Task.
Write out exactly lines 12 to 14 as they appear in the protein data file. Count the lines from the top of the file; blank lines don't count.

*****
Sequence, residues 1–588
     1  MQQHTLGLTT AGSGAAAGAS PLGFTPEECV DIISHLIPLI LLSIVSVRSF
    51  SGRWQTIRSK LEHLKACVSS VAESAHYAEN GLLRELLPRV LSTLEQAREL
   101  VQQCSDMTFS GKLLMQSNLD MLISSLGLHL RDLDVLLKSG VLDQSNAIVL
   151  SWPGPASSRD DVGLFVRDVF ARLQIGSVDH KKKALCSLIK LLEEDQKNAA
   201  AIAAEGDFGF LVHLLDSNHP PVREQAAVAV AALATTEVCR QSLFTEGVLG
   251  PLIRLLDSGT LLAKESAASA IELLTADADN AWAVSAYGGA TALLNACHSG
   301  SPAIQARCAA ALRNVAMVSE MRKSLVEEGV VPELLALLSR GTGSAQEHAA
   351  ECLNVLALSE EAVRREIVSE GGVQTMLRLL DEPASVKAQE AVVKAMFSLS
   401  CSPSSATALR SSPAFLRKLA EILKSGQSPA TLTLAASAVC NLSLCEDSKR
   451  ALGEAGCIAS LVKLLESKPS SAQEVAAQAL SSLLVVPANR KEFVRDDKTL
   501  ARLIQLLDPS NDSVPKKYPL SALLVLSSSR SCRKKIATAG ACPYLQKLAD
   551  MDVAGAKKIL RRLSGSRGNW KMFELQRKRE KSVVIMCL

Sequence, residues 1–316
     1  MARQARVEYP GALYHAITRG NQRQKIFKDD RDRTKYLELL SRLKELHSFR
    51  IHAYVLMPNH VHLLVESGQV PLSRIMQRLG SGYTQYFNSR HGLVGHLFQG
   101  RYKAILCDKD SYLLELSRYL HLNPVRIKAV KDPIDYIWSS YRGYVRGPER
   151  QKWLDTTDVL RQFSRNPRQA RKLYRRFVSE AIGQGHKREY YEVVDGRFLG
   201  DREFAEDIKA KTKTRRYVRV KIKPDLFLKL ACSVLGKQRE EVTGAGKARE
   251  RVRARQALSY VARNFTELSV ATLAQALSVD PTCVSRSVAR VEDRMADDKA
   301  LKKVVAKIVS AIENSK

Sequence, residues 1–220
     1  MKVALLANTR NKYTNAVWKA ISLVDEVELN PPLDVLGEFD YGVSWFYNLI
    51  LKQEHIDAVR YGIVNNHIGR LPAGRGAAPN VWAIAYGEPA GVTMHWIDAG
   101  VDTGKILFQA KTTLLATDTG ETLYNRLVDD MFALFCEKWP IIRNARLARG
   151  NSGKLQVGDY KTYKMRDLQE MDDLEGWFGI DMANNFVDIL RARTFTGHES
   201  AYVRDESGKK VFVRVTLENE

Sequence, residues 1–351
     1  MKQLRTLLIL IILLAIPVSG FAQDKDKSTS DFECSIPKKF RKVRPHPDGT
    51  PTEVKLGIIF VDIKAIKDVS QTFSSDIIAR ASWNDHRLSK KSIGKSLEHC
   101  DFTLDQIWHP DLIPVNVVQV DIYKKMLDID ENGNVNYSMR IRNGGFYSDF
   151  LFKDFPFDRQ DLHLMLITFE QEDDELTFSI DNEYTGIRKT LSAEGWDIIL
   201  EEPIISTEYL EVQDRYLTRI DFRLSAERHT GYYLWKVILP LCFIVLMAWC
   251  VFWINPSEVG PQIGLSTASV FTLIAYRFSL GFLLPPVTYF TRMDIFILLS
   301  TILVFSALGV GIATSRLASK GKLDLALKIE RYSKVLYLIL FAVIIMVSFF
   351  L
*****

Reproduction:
   501  ARLIQLLDPS NDSVPKKYPL SALLVLSSSR SCRKKIATAG ACPYLQKLAD
   551  MDVAGAKKIL RRLSGSRGNW KMFELQRKRE KSVVIMCL

Sequence, residues 1–316